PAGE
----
“Bernal Díaz died in January 1584, without seeing his book published. An expanded and corrected copy of the manuscript kept in Guatemala was sent to Spain and published, with revisions, in 1632.”

Lopez de Gomara died in 1566; so he didn’t see its publication either.

Tuesday, May 13, 2014

First Battle fought by Cortez in New Spain

In Chapter XXXIV, Bernal Diaz describes the first battle Cortez and his forces fought in “New Spain.” The chapter is entitled “How we are attacked by all the caziques of Tabasco, and the whole armed force of this province, and what took place.” I cannot tell how numerous the forces involved were. Whatever force Cortez had come to Tabasco on his ships. Diaz at one point said that an attack he advocated was rejected at first because it would involve each of Cortez soldiers going up against 300 Indians. No doubt that shouldn’t be taken literally, but the Spaniards were facing overwhelming numbers. They had the advantage of better weapons, better tactics, and horses; which the Indians had apparently never seen before.

Since Diaz describes the first battle Cortez and his forces fought in “New Spain” we see something of what Cochran and Harpending had in mind when they wrote that Cortez achieved something very like that in a modern adventure movie where a single man defeats an army of enemies. I’ll quote this chapter up to the point where Diaz states that the battle is over:

“The Indians were already moving forward in search of us, when we came up with them: every one had a large bunch of feathers on his head, a cotton cuirass on, and their faces were daubed with white, black, and red colours. Besides having drums and trumpets, they were armed with huge bows and arrows, shields, lances, and large broadswords; they had also bodies of slingers, and others armed with poles hardened in the fire. The Indians were in such vast numbers that they completely filled the bean fields, and immediately fell upon us on all sides at once, like furious dogs. Their attack was so impetuous, so numerous were the arrows, stones, and lances with which they greeted us, that above seventy of our men were wounded in no time, and one named Saldaña, was struck by an arrow in the ear, and instantly dropt down dead. With like fury they rushed at us with their pikes, at the same time pouring forth showers of arrows, and continually wounding our men. However, we fully repaid them with our crossbows, muskets, and heavy cannon, cutting right and left among them with our swords. By this means we forced them to give ground a little, but only that they might shower forth their arrows at a greater distance, where they thought themselves more secure from our arms. Even then our artilleryman Mesa made terrible havoc among them, standing as they did crowded together and within reach of the cannon, so that he could fire among them to his heart's content. Notwithstanding the destruction we made among their ranks, we could not put them to flight. I now remarked to our commander Diego de Ordas that we should rush forward upon the Indians and close with them. My motive for advising this was, because I saw that they merely retreated from fear of our swords, but still continued to annoy us at a distance with arrows, lances, and large stones. De Ordas, however, considered this not expedient, as the enemy's numbers were so vast that every single man of us would have had to encounter 300 of the enemy at once.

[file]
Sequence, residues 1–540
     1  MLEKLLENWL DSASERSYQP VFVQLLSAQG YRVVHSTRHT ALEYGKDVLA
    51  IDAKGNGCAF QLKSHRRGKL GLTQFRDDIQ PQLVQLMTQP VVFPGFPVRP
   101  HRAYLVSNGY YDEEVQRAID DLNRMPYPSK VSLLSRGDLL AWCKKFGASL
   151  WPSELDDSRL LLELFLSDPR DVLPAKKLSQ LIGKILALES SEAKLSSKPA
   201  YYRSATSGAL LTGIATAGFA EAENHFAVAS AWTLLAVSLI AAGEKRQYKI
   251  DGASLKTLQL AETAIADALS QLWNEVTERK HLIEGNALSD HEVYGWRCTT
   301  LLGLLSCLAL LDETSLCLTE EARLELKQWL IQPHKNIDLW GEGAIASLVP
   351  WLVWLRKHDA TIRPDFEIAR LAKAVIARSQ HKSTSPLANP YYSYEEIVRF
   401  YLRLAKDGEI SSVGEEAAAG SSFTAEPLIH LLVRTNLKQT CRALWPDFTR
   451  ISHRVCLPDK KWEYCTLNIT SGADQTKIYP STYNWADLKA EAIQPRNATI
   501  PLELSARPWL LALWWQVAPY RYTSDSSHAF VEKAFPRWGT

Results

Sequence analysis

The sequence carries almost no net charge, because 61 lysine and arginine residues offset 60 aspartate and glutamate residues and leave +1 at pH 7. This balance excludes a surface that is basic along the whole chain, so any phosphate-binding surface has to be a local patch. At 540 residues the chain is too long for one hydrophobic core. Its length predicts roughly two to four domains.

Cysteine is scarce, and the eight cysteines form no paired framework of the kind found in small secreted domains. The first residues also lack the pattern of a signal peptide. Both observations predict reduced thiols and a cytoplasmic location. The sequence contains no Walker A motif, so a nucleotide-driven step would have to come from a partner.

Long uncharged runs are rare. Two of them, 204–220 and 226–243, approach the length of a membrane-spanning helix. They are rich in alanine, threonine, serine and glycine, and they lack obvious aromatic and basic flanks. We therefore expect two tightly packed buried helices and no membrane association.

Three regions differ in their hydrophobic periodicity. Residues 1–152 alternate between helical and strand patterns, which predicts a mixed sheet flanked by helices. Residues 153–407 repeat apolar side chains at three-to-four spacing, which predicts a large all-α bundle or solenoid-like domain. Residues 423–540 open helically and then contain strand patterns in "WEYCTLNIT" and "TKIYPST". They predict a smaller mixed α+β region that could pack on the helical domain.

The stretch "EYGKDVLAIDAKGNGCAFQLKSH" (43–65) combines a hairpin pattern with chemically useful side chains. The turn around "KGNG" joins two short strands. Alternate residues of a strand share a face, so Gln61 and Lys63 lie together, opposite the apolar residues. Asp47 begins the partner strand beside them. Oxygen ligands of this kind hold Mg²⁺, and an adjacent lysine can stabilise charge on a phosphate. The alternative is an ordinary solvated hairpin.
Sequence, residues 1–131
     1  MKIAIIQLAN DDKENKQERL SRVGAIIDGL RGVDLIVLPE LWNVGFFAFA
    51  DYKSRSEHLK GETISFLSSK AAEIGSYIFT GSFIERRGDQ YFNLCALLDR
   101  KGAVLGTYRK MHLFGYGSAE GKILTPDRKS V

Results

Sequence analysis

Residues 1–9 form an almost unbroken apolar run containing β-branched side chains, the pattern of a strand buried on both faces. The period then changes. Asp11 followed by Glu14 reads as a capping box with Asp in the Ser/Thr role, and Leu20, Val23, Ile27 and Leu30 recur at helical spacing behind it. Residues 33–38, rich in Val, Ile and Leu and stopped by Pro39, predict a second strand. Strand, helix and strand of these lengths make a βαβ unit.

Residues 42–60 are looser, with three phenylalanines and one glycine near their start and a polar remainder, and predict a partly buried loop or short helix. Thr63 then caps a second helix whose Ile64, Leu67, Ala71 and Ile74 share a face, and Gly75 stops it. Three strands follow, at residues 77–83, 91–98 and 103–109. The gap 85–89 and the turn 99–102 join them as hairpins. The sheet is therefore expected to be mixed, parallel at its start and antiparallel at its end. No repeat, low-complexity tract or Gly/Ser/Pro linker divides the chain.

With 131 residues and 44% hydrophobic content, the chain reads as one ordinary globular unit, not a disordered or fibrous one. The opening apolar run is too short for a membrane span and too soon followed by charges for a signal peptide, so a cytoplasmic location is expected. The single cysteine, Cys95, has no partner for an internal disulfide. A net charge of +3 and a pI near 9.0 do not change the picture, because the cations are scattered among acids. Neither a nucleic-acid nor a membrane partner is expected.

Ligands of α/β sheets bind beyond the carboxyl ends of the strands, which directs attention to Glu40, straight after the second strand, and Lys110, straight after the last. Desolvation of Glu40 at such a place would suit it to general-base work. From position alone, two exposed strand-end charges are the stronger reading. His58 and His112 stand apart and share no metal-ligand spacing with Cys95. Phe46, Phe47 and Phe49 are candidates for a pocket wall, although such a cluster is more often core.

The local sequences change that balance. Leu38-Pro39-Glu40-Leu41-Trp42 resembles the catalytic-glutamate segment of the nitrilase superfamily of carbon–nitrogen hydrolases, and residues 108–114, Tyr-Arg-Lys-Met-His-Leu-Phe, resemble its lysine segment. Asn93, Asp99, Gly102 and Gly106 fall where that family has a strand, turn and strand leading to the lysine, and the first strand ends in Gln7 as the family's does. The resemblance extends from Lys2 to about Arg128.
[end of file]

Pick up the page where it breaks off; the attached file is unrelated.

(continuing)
“My advice, however, was at length followed up, and we fell so heavily upon them that they retreated as far as the wells. All this time Cortes still remained behind with the cavalry, though we so greatly longed for reinforcement: we began to fear that some misfortune might also have befallen him. I shall never forget the piping and yelling which the Indians set up at every shot we fired, and how they sought to hide their loss from us by tossing up earth and straw into the air, making a terrible noise with their drums and trumpets, and their war-whoop Ala lala. In one of these moments Cortes came galloping up with the horse. Our enemies being still busily engaged with us, did not immediately observe this, so that our cavalry easily dashed in among them from behind. The nature of the ground was quite favorable for its manœuvres; and as it consisted of strong active fellows, most of the horses being, moreover, powerful and fiery animals, our small body of cavalry in every way made the best use of their weapons. When we, who were already hotly engaged with the enemy, espied our cavalry, we fought with renewed energy, while the latter, by attacking them in the rear at the same time, now obliged them to face about. The Indians, who had never seen any horses before, could not think otherwise than that horse and rider were one body. Quite astounded at this to them so novel a sight, they quitted the plain and retreated to a rising ground.